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MIAMI (CBSMiami) – Miami Heat’s star player Chris Bosh is at South Miami Hospital with his wife Adrienne by his side.

Bosh is not benched but in a treatment bed after checking in Thursday with chest pain, a suspected long clot, or pulmonary embolism.

“Untreated pulmonary clots have a 20 percent chance of death. We don’t see that mortality anymore, because now we have therapy,” said Dr. Luis Alvarez with the University of Miami Hospital.

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A clot in the lung travels from the leg can be caused by surgery or a leg fracture. Bosh has had neither recently.

The chief cause of clots is prolonged immobilization, mostly among those hospitalized for extended periods and then there’s this: “Very prolonged air travel, as in more than four hours, can put people in a condition that is prone to clots.”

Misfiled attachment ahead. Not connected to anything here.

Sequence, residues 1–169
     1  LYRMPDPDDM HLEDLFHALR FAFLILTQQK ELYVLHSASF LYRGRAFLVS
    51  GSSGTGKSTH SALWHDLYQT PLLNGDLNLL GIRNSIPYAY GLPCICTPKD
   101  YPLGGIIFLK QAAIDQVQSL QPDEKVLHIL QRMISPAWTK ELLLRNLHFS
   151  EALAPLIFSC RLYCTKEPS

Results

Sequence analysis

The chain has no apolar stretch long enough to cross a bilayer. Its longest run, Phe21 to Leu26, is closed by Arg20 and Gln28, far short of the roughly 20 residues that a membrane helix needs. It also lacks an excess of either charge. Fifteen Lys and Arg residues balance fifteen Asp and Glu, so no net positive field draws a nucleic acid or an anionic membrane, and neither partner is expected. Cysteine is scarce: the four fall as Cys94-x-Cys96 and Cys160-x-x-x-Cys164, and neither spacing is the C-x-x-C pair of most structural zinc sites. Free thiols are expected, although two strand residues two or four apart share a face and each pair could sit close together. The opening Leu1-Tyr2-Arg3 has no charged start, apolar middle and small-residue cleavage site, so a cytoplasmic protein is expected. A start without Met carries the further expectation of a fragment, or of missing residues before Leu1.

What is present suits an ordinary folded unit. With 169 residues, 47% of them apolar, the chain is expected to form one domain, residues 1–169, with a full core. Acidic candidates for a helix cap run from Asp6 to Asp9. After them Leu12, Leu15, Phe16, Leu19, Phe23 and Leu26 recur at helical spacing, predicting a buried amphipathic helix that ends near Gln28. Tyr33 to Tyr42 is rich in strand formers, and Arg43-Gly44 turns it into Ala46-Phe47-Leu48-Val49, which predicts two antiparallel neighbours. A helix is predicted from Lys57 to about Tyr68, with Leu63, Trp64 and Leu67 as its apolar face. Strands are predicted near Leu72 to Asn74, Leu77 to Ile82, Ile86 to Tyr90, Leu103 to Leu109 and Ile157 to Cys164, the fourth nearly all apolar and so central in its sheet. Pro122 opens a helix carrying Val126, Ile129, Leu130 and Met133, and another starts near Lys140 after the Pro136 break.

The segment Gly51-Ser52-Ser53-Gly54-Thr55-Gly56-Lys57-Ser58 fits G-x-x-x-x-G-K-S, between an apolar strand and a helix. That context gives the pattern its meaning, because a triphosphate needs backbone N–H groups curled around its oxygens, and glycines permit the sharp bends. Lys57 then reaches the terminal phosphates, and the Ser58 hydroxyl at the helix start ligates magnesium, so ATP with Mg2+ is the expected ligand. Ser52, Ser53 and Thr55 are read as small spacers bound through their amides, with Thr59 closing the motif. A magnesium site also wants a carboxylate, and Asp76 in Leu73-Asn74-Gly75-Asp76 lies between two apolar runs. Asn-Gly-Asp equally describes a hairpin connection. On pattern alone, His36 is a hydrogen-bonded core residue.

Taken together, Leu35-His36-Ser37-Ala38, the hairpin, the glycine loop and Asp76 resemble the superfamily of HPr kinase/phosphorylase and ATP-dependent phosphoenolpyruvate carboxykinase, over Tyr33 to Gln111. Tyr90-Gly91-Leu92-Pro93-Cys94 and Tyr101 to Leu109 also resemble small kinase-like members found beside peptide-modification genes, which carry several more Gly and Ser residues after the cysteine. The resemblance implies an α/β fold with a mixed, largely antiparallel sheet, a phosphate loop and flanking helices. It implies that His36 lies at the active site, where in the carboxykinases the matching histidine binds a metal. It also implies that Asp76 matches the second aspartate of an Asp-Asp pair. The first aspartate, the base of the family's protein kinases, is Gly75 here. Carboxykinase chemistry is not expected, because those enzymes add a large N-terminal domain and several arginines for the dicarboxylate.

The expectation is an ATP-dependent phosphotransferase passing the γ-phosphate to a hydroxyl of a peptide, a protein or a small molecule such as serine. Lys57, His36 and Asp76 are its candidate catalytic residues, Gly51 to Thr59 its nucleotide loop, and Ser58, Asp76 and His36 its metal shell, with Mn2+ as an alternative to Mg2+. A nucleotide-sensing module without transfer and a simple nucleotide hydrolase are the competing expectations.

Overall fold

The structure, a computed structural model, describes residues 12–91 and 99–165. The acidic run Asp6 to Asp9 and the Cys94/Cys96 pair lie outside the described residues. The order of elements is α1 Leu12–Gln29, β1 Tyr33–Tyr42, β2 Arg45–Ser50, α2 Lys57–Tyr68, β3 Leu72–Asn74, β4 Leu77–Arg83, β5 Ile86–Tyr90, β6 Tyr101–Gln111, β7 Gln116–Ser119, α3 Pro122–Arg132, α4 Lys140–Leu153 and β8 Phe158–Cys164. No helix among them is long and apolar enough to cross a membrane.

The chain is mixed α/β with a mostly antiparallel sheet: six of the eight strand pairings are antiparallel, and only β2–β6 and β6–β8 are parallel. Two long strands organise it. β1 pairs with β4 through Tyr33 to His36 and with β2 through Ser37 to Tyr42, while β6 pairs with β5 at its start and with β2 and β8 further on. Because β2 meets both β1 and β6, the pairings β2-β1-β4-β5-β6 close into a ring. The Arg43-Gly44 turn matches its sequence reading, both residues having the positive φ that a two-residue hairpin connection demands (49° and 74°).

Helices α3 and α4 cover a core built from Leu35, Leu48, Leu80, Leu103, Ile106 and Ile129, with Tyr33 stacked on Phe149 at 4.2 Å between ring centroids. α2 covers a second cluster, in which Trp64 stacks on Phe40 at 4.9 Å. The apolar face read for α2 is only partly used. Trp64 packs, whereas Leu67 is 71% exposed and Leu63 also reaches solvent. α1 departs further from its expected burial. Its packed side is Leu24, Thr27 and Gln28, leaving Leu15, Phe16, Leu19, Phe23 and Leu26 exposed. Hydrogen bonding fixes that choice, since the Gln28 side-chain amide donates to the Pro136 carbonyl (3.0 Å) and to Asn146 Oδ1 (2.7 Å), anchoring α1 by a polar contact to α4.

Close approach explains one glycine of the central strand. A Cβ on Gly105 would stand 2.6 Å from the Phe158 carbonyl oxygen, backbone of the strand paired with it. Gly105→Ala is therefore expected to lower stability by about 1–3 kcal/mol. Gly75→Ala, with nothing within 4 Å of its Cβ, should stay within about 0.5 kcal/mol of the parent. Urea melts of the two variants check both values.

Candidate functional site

And the Heat fly a lot.

Over seven days this month, the team flew from Miami to Boston, Boston to Detroit, Detroit to Minneapolis, Minneapolis to San Antonio and San Antonio back to Miami.

A pulmonary embolism can be fatal, if it completely blocks an artery, stopping the flow of blood.

The good news, according to the doctor is, “because we are able to treat patients, mortality is very low. Patients tend to do very well.”

The treatment includes blood thinners that keep the clot from growing and allow the body to eventually eliminate it.

Blood thinners usually are given for at least six months and make patients prone to severe bleeding. Assuming Bosh has clots, he can’t risk a hard foul on the court so his season is presumably over.

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